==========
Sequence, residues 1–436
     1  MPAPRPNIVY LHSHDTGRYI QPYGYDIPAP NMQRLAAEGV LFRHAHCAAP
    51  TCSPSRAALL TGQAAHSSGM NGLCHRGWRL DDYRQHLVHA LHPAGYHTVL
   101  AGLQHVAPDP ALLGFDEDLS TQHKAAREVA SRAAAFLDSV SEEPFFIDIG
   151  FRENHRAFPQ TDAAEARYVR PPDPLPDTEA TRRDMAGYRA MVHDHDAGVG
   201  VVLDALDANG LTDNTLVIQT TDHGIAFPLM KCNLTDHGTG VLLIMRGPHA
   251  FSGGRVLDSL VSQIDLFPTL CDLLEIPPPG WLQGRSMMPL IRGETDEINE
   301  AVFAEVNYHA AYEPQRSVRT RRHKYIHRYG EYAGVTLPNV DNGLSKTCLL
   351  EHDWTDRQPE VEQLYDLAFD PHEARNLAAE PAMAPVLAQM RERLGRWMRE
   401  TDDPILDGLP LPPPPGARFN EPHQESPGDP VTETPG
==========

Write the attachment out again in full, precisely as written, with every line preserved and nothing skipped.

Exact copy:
Sequence, residues 1–436
     1  MPAPRPNIVY LHSHDTGRYI QPYGYDIPAP NMQRLAAEGV LFRHAHCAAP
    51  TCSPSRAALL TGQAAHSSGM NGLCHRGWRL DDYRQHLVHA LHPAGYHTVL
   101  AGLQHVAPDP ALLGFDEDLS TQHKAAREVA SRAAAFLDSV SEEPFFIDIG
   151  FRENHRAFPQ TDAAEARYVR PPDPLPDTEA TRRDMAGYRA MVHDHDAGVG
   201  VVLDALDANG LTDNTLVIQT TDHGIAFPLM KCNLTDHGTG VLLIMRGPHA
   251  FSGGRVLDSL VSQIDLFPTL CDLLEIPPPG WLQGRSMMPL IRGETDEINE
   301  AVFAEVNYHA AYEPQRSVRT RRHKYIHRYG EYAGVTLPNV DNGLSKTCLL
   351  EHDWTDRQPE VEQLYDLAFD PHEARNLAAE PAMAPVLAQM RERLGRWMRE
   401  TDDPILDGLP LPPPPGARFN EPHQESPGDP VTETPG